In 2011, as well as the West End transfer of End of the Rainbow, which was nominated for 4 Olivier Awards, Royal & Derngate was named the Regional Theatre of the Year in the inaugural Stage 100 awards.

Made in Northampton productions[edit]

Made in Northampton is the name given to productions that have been produced in-house at Royal & Derngate. Since re-opening, Royal & Derngate has worked with various writers, creative teams and companies to produce these shows to a lot of critical and commercial avail.

2014 season
Show Duration Director Notes
A Tale of Two Cities, adapted by Mike Poulton 21 February — 15 March James Dacre Composed by Rachel Portman
"The Body of An American" by Dan O'Brien 27 February — 8 March James Dacre A co-production with The Gate Theatre
Every Last Trick, adapted by Tamsin Oglesby 18 April — 10 May Paul Hunter A collaboration between members of Spymonkey and Told By An Idiot
Moominsummer Madness, adapted by Phil Porter 22 May — 1 June Dani Parr and Peter Gianville A co-production with Polka Theatre, in association with Little Angel Theatre
Pat Barker's Regeneration, adapted for the stage by Nicholas Wright 22 August — 20 September A co-production with Touring Consortium Theatre Company
Cat on a Hot Tin Roof 1 — 18 October James Dacre A co-production with Northern Stage and the Royal Exchange Theatre
Merlin by Ella Hickson 26 November 2014 — 4 January 2015 A co-production with Nuffield Theatre
2013 season
Show Duration Director Notes
One for the Road 1 — 23 February Laurie Sansom Part of Comedy Gold season
Mr Whatnot 15 March — 6 April Cal McCrystal Part of Comedy Gold season
A Midsummer Night's Dream 19 April — 11 May Gary Sefton Part of Comedy Gold season
Dancing at Lughnasa 24 May — 15 June Richard Beecham
To Sir, With Love 6 — 28 September Mark Babych Nominated—WhatsOnStage Award for Best Regional Production
The Wind in the Willows 27 November 2013 — 5 January 2014 Gary Sefton
2012 season
Show Duration Director Notes
Oedipussy 3 — 18 February Emma Rice A co-production with Spymonkey
Ladies in Lavender 6 — 21 April Robin Lefevre A co-production with Daniel Schumann and Lee Dean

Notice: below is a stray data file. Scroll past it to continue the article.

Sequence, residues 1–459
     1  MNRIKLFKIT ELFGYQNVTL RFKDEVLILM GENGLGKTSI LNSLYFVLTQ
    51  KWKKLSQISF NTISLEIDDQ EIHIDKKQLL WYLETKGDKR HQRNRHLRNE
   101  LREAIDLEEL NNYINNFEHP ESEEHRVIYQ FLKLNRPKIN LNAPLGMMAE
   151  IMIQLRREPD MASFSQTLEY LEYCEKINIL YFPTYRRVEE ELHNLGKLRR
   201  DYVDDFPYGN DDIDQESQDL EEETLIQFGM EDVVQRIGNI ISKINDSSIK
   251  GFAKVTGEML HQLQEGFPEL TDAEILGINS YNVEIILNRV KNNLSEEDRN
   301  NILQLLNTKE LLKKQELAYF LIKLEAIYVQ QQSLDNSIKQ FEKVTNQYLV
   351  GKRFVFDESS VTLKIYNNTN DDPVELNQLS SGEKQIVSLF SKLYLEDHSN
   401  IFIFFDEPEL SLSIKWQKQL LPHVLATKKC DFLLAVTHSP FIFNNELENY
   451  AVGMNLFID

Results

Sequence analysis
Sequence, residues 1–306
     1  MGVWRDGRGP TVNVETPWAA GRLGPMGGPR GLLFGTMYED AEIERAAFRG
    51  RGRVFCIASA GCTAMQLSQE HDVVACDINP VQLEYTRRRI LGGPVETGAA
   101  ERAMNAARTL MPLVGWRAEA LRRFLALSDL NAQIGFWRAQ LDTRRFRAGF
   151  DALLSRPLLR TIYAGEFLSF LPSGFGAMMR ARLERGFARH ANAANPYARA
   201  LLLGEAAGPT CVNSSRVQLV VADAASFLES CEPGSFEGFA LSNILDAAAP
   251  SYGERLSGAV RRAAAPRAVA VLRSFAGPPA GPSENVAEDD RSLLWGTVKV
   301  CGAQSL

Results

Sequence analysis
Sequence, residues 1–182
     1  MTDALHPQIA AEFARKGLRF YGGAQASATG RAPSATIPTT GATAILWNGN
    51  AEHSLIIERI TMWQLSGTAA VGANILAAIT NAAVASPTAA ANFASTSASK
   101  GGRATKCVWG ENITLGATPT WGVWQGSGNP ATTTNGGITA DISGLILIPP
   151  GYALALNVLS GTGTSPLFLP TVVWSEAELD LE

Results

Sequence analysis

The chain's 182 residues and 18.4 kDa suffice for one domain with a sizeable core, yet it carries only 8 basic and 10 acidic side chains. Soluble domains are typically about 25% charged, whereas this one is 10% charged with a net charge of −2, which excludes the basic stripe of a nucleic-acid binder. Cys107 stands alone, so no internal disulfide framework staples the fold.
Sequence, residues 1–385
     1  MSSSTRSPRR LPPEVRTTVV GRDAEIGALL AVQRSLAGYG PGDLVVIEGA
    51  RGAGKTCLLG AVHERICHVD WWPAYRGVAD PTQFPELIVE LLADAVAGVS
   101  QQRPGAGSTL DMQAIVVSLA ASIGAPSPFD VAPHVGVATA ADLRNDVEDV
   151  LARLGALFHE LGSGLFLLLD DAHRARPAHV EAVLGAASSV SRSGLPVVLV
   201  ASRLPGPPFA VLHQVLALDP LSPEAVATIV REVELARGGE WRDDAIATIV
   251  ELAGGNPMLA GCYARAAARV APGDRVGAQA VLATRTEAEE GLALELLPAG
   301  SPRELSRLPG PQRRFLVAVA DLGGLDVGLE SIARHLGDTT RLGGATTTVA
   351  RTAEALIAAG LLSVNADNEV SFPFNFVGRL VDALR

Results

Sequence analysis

The Bacchae 18 May — 30 June Laurie Sansom Part of the Festival of Chaos season
Blood Wedding 18 May — 30 June Laurie Sansom Part of the Festival of Chaos season
Hedda Gabler 6 — 28 July Laurie Sansom Part of the Festival of Chaos season
Bully Boy 24 August — 15 September David Gilmore and Patrick Sandford A co-production with Lee Dean, Charles Diamond, Daniel Schumann and St James Theatre
God of Carnage 19 October — 10 November Kate Saxon
A Christmas Carol 28 November 2012 — 6 January 2013 Gary Sefton
Humbug! 11 December 2012 — 13 January 2013 Dani Parr
2011 season
Show Duration Director Notes
The Years Between 4 — 26 February Kate Saxon Nominated—TMA Award for Best Performance in a Play
Diary of a Nobody 4 — 19 March Gary Sefton A co-production with Under the Radar Partnership
In Praise of Love 1 — 23 April Richard Beecham
Hamlet! The Musical 6 — 21 May Ryan McBride A co-production with Eleanor Lloyd Productions
Eden End 6 — 25 June Laurie Sansom
End of the Rainbow 25 August — 3 September Terry Johnson Post West End revival, prior to national tour
A co-production with Lee Dean
Basket Case 9 — 24 September Robin Lefevre A co-production with Lee Dean
The Two Gentlemen of Verona 30 September — 22 October Matthew Dunster
The Go-Between 2 — 19 November Roger Haines A co-production with Derby Live and West Yorkshire Playhouse
UK Theatre Award for Best Production of a Musical
Alice in Wonderland 30 November 2011 — 8 January 2012 Laurie Sansom and Dani Parr
2010 season
Show Duration Director Notes
End of the Rainbow 5 — 20 February Terry Johnson Part of Addicted to You season
A co-production with Lee Dean
Revived at Trafalgar Studios, London from 2010 to 2011
Revived at Guthrie Theater, Minneapolis in 2012
Revived at Belasco Theatre, New York in 2010
Outer Critics' Circle Award and Drama Desk Award for Outstanding Actress in a Play
Nominated—Laurence Olivier Awards for Best Actress, Best New Play, Best Supporting Actor and Best Sound Design
Nominated—Tony Awards for Best Actress, Best Supporting Actor and Best Sound Design
My Zinc Bed 26 February — 13 March Laurie Sansom Part of Addicted to You season
Honest 26 February — 13 March Mike Bartlett Part of Addicted to You season
Travels with My Aunt 30 April — 15 May Gary Sefton
Town 18 June — 3 July Esther Richardson Part of Hometown season
Flathampton 9 — 17 July Dani Parr Part of Hometown season
Revived in 2011
The Talented Mr. Ripley 17 September — 9 October Raz Shaw
The Duchess of Malfi 15 — 30 October Laurie Sansom Nominated—TMA Award for Best Design
The Lion, The Witch and The Wardrobe 1 December 2010 — 9 January 2011 Dani Parr